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United States Department of Agriculture

Agricultural Research Service

Title: White Sweetclover Invasions on Alaska Floodplains

Authors
item Conn, Jeffery
item Shepherd, Michael - US FOREST SERVICE

Submitted to: Workshop Proceedings
Publication Type: Proceedings
Publication Acceptance Date: October 28, 2004
Publication Date: October 29, 2004
Citation: Conn, J.S., Shepherd, M. 2004. White sweetclover invasions on alaska floodplains. Workshop Proceedings.

Interpretive Summary: Technical Abstract White sweetclover, Melilotus alba, was reported to have colonized the Stikine River in Southeast, Alaska, the Matanuska River near Anchorage and the Nenana River in Interior Alaska. Surveys were conducted by airplane and by boat to determine the source and extent of the invasions. The aerial survey of the Stikine River showed that white sweetclover inhabited nearly all river bars from Telegraph Creek to end of the river. It was not found on any of the Stikine tributaries below Telegraph Creek. Soil samples were collected on the lower Stikine River and permanent plots were established to monitor population changes and impacts on native vegetation. It was noticed that at one island the 2-year-old plants from last year had been replaced by a stand of first-year plants. Shade produced by dense 2nd-year stands may prevent growth of seedlings. Boat surveys were conducted on the lower Matanuska and Knik Rivers. On the Matanuska River, continuous populations of white sweetclover were found from the old Glenn Highway Bridge to the end of the river. White Sweetclover was not found on the adjacent Knik River, except below the junction of the Knik with the Matanuska. Soil samples were collected both from the Matanuska and Knik sample locations. The aerial survey of the Nenana River revealed that dense white sweetclover populations occur from the Rex Bridge on the George Parks Highway to approximately 8 miles downstream. A boat survey showed that there is a stand of white sweetclover at the Healy power plant, which is located 25 miles upriver of the main infestation. There were several small populations of white sweetclover upriver of the Rex Bridge, but the main populations were located downriver from the bridge. White Sweetclover had been planted along the George Parks Highway in the early 1990s and is the likely seed source for the main infestation. Soil samples were collected both in areas where white sweetclover was growing and in areas where it was not to determine whether soil characteristics were limiting its distribution. In all locations white sweetclover populations were greater in areas with fine sand rather than cobbley soil surfaces.

Technical Abstract: Technical Abstract White sweetclover, Melilotus alba, was reported to have colonized the Stikine River in Southeast, Alaska, the Matanuska River near Anchorage and the Nenana River in Interior Alaska. Surveys were conducted by airplane and by boat to determine the source and extent of the invasions. The aerial survey of the Stikine River showed that white sweetclover inhabited nearly all river bars from Telegraph Creek to end of the river. It was not found on any of the Stikine tributaries below Telegraph Creek. Soil samples were collected on the lower Stikine River and permanent plots were established to monitor population changes and impacts on native vegetation. It was noticed that at one island the 2-year-old plants from last year had been replaced by a stand of first-year plants. Shade produced by dense 2nd-year stands may prevent growth of seedlings. Boat surveys were conducted on the lower Matanuska and Knik Rivers. On the Matanuska River, continuous populations of white sweetclover were found from the old Glenn Highway Bridge to the end of the river. White Sweetclover was not found on the adjacent Knik River, except below the junction of the Knik with the Matanuska. Soil samples were collected both from the Matanuska and Knik sample locations. The aerial survey of the Nenana River revealed that dense white sweetclover populations occur from the Rex Bridge on the George Parks Highway to approximately 8 miles downstream. A boat survey showed that there is a stand of white sweetclover at the Healy power plant, which is located 25 miles upriver of the main infestation. There were several small populations of white sweetclover upriver of the Rex Bridge, but the main populations were located downriver from the bridge. White Sweetclover had been planted along the George Parks Highway in the early 1990s and is the likely seed source for the main infestation. Soil samples were collected both in areas where white sweetclover was growing and in areas where it was not to determine whether soil characteristics were limiting its distribution. In all locations white sweetclover populations were greater in areas with fine sand rather than cobbley soil surfaces.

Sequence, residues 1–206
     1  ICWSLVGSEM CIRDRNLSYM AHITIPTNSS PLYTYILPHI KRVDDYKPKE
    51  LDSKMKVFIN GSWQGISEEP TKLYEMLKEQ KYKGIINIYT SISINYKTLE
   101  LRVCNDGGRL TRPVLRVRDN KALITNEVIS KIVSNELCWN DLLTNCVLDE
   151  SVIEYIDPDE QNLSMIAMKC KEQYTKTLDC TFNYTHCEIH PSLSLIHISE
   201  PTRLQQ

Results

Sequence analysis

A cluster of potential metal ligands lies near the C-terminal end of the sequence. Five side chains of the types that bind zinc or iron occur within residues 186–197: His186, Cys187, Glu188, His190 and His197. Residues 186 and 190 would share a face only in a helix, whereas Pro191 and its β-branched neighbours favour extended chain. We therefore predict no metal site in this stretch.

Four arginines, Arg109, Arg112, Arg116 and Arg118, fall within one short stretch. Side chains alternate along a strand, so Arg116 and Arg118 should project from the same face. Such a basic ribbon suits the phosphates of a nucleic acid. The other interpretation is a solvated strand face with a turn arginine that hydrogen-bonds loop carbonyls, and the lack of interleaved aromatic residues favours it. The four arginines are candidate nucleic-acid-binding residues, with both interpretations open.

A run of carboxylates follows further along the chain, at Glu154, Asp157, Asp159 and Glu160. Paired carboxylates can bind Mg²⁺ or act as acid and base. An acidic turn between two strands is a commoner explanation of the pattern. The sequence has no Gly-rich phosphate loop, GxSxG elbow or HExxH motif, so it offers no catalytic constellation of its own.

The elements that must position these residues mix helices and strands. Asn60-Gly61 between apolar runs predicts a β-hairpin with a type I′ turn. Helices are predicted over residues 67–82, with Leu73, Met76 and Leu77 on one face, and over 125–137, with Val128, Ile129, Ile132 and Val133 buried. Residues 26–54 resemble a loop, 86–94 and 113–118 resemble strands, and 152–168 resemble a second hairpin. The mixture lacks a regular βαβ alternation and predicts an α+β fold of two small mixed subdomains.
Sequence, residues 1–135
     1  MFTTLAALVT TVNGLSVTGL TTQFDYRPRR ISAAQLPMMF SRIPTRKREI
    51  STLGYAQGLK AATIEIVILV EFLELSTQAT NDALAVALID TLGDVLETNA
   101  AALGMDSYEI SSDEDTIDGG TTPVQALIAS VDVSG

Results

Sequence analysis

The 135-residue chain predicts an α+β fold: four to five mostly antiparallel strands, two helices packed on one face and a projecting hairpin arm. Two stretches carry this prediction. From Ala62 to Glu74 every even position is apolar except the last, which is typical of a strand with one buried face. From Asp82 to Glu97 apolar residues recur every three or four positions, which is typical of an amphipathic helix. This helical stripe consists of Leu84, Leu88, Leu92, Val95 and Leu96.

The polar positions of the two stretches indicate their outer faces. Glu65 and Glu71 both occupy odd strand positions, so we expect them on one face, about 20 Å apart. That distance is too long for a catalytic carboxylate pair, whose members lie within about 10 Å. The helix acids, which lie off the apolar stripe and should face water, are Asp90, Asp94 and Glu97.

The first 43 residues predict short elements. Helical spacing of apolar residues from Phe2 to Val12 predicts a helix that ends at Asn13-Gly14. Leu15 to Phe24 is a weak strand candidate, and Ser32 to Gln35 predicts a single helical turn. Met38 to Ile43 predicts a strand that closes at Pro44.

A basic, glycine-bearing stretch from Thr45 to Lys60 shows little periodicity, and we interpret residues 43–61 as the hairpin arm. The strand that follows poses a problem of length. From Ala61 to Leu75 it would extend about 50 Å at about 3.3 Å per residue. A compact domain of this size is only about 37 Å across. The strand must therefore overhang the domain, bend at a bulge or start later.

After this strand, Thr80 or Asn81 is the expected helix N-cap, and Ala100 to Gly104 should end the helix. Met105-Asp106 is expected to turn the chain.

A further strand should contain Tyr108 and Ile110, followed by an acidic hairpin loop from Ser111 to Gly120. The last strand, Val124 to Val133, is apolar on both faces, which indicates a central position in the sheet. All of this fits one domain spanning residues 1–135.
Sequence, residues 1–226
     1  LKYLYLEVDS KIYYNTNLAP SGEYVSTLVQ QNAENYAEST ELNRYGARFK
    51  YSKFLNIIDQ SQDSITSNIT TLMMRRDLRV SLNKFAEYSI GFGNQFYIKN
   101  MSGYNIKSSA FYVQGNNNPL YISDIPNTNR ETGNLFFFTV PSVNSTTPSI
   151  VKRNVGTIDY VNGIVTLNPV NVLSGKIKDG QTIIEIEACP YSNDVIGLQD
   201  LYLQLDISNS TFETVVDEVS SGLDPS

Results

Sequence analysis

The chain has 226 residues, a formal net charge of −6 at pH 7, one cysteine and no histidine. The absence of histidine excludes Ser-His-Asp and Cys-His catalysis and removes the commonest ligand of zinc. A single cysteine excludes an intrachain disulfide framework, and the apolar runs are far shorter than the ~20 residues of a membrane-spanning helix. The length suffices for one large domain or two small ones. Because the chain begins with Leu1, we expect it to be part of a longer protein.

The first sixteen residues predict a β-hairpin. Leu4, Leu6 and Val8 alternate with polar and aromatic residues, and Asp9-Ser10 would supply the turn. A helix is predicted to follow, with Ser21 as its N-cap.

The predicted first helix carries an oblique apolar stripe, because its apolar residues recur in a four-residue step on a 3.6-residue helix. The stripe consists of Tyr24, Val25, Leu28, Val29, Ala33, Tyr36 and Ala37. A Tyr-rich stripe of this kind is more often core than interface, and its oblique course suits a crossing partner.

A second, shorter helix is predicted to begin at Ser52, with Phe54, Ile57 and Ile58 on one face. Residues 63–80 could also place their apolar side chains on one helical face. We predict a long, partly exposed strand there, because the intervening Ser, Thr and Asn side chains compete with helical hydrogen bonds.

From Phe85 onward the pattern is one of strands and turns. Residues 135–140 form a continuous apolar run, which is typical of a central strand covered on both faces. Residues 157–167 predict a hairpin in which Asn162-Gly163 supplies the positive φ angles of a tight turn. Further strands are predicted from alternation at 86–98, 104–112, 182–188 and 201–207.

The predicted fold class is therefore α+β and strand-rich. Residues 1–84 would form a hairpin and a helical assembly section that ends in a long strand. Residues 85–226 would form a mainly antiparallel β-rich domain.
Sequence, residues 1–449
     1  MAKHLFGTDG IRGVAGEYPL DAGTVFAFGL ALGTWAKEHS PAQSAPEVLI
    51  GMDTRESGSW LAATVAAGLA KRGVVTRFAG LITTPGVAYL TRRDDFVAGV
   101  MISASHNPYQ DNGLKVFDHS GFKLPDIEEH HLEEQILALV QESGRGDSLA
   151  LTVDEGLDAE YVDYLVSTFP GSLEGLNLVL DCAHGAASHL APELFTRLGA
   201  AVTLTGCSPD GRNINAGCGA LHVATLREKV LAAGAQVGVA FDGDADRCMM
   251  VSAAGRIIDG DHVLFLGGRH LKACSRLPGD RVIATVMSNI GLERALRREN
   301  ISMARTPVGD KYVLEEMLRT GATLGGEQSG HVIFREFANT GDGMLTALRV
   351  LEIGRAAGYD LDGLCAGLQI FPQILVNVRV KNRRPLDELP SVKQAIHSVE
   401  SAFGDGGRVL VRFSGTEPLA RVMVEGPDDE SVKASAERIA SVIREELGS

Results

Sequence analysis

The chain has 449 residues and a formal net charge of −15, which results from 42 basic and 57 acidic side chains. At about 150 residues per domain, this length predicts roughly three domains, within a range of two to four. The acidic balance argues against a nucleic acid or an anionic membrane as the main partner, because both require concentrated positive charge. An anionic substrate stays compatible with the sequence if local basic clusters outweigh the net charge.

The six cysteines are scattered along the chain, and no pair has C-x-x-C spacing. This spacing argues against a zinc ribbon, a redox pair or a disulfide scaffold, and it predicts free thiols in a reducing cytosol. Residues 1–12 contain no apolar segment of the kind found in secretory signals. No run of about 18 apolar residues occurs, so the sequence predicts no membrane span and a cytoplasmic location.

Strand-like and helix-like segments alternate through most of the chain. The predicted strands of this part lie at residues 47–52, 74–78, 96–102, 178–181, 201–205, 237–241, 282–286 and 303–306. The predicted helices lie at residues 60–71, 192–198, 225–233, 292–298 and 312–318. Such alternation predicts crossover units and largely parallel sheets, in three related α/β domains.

Last Modified: 10/23/2014
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